Economics 191AB: Senior Essay Seminar, Winter
Office hours Winter and Spring quarters Wednesday
2:00-3:00 or by appointment, in Economics
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The only formal requirement of Economics 191AB is to
well-researched 25-35 page essay on an economics topic (approved
instructor), by a deadline near the end of Spring Quarter. But
satisfactorily complete 191A a first draft of the essay must be
turned in near the end of Winter quarter. Often, the first draft
contains the essay's theoretical analysis and a preliminary
of its empirical content; but other arrangements are possible,
depending on the topic.
Your work for Economics 191A can be divided into three
(1) selecting your topic, finding sufficient reference and source material, and writing a short description of your topic, including at least three references
(2) formulating an outline
(3) writing a first draft of your essay
Your work for Economics 191B can also be divided into three parts:
(1) formulating a plan for completing your essay
(2) writing and presenting a first draft of your completed essay
(3) writing a final draft of your completed essay
At the end of each part of Economics 191A or 191B, you will turn in your work product to date. Please provide both an electronic version (preferably .pdf or .txt) and a hard copy in my mailbox.
You should think of 191A's goal not necessarily as completing a rough draft of your full essay, but of making enough progress to write up at least half of it. You are encouraged to give me drafts for comment and ask me questions throughout the quarter, and to come to see me as often as you find it helpful. My office hours both Winter and Spring quarters are W 2:00-3:00 or by appointment.
First class meeting, introduction to
choosing an essay topic, finding
references, and research strategies; signups for
presentations on Tuesday and Thursday, January 31 and February 2, and if necessary Tuesday, February 7
Tuesday, January 24 (NO MEETING): Turn in a two-page description of your topic (preferably electronic) with at least three references, by 4 p.m.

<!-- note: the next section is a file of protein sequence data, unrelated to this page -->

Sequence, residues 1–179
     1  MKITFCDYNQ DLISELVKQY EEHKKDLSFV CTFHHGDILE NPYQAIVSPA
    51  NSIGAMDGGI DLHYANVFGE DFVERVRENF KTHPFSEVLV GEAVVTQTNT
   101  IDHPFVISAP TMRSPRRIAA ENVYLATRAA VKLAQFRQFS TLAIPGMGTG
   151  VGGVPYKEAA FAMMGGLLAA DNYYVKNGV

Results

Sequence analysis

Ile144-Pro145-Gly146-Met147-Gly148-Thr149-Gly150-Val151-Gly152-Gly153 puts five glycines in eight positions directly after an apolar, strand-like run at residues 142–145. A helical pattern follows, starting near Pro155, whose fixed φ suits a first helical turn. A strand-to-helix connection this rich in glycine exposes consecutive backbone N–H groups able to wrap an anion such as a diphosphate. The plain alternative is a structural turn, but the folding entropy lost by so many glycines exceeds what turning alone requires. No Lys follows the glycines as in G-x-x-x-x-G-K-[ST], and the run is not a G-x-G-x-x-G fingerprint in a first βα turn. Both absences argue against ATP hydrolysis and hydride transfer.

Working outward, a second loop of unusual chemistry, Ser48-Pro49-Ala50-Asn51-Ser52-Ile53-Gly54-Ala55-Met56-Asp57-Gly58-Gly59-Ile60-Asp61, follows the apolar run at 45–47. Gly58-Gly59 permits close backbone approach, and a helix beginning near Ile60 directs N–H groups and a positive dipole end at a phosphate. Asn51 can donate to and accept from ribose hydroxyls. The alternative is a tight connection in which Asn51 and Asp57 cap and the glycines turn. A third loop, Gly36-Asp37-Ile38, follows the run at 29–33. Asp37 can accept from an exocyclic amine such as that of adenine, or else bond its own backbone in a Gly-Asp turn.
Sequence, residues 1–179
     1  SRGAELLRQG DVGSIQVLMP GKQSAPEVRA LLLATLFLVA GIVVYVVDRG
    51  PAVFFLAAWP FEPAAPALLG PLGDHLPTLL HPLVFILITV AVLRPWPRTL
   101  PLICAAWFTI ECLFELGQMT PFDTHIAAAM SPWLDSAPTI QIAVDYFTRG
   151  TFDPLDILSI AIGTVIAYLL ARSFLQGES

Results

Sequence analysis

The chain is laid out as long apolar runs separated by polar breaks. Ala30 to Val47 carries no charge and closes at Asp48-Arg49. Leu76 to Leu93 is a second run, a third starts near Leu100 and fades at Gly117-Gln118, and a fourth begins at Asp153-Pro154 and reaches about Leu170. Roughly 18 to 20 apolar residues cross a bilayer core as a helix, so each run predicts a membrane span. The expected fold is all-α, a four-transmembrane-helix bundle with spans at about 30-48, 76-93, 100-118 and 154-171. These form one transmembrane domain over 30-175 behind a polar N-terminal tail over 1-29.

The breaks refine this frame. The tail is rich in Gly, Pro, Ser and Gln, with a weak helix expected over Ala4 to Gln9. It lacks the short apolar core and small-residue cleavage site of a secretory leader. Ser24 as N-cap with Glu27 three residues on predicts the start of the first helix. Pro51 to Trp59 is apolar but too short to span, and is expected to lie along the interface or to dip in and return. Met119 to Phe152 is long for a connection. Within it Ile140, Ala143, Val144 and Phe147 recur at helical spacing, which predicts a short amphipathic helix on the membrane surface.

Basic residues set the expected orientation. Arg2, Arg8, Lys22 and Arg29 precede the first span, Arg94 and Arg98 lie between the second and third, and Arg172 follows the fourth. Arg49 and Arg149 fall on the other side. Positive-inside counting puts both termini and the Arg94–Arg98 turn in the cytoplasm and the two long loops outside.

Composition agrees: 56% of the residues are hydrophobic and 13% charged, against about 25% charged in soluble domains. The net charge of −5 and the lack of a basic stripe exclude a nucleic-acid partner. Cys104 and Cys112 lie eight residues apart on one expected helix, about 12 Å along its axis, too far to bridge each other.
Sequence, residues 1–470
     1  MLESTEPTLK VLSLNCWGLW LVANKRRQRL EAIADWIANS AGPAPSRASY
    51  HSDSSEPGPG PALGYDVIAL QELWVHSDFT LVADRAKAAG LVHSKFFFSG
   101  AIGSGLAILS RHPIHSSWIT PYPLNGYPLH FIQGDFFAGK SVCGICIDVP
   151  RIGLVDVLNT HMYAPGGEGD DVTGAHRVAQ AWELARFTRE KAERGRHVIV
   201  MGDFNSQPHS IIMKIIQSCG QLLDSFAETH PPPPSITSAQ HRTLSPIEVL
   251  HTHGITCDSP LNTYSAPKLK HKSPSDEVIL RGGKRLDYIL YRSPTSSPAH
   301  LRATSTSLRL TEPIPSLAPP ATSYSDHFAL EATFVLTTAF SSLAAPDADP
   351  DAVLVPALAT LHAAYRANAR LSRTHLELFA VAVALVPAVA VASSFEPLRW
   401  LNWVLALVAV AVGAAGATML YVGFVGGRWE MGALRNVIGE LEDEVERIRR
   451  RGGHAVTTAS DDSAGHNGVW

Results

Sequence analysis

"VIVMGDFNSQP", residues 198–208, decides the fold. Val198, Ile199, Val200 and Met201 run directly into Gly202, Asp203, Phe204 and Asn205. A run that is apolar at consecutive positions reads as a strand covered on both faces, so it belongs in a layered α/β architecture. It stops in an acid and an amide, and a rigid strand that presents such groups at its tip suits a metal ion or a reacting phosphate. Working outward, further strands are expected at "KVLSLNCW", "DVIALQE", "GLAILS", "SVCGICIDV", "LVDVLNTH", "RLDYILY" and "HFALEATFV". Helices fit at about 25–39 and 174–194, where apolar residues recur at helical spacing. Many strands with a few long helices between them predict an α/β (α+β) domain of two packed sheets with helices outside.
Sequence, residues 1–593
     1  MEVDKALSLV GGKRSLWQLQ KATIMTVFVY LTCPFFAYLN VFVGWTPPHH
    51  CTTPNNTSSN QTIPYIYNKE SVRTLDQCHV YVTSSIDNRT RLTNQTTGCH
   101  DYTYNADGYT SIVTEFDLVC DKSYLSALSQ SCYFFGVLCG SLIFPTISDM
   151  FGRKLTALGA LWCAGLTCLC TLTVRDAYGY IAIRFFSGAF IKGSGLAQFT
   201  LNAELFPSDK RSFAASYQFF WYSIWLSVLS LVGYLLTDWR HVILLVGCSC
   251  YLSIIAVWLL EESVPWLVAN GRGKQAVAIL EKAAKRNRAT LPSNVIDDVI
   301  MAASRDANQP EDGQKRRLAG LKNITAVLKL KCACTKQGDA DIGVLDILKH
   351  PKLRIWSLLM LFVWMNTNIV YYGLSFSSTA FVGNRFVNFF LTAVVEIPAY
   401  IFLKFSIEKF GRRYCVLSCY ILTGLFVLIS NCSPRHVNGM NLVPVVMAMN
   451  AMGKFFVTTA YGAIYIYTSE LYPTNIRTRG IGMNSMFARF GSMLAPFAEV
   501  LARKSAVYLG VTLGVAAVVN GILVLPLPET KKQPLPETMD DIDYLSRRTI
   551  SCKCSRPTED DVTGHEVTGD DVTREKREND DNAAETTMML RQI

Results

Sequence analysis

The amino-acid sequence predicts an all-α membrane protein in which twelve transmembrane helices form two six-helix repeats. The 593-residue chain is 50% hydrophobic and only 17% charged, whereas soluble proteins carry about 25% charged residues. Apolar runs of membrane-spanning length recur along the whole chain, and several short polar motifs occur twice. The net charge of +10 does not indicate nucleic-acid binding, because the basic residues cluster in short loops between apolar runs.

Tuesday and Thursday, January 31 and February 2, and if necessary Tuesday, February 7: Class meetings for short (roughly 10 minutes) presentations and
discussions of your topics
Thursday, February 9 (NO MEETING): Turn in an outline of your essay (preferably electronic) by 4 p.m.
Friday, March 17 (last day of Winter Quarter classes): Turn in the first draft of your essay (preferably both electronic and hard copy) by 4 p.m.
Economics 191B will meet only on the first scheduled day of classes in Spring Quarter. Again, you are encouraged to give me drafts for comment and ask me questions throughout the quarter, and to come to see me (W 2:00-3:00 or by appointment) as often as you find it helpful. The schedule is:
4, 11:00 - 12:20 in Sequoyah 230: Class
on the rest of your essay
Friday, June 9 (last day of Spring Quarter classes): Turn in final draft of your essay (both electronic and hard copy) by 4 p.m.
At the start the main problem is deciding on your topic:
something original, not too small or irrelevant, but not too big
complicated. Even more important is that the topic should be
that genuinely interests you, because otherwise you will be very
of it by the time you write your final draft! A good topic
often has two parts,
the first theory and the second empirical. Areas of research can
in the leading general economics journals and specialty
publications of the regional Federal Reserve Banks, the World
International Monetary Fund, the Brookings Institution,
such as Resources for the Future, and so on. A simple, possible
is to take a good paper published six to ten years ago in a good
and ask how well the results hold up now; or to find a good
on one country or data set, and extend it to another country or
The following books (on reserve in Geisel Library unless
may help suggest topics:
Jacqueline Brux and Janna Cowen, Economic Issues and
2nd edition, Cincinnati, OH: South-Western College Pub., 2002
Economics (periodical: in Geisel stacks at HC 101 A635), Guilford, CT: Dushkin/McGraw-Hill, 1999-2000.
Edwin Dolan and John Goodman, Economics of Public
TheMicro View, St. Paul, MN: West Pub. Co., 1982
Thomas Swartz and Frank Bonello, editors, Taking Sides:
Clashing Views on Controversial Economic Issues, Guilford,
Steven E. Landsburg, The Armchair Economist: Economics
& Everyday Life, New York: Free Press, 1993
Paul Krugman, The Age of Diminished Expectations,
edition, Cambridge: MA, MIT Press, 1997
Joseph Stiglitz's and George Akerlof's Nobel lectures (both
the June 2002 American Economic Review) are helpful (and
inspirational) on how to turn observations about the world into
Computing and information sources
To facilitate communication and gain access to many useful resources, you must get a personal computer account from the Academic Computing Center. If you have any questions, Kimberley Newmark (email@example.com) should be able to help you. This will give you access to the Social Science Database and many useful internet sites, including these. See also the useful links at Harold Colson's (the Economics Librarian at Geisel Library) page, at http://weber.ucsd.edu/~hcolson/econbib.html .
Copyright © Vincent P. Crawford, 2006. All federal and state
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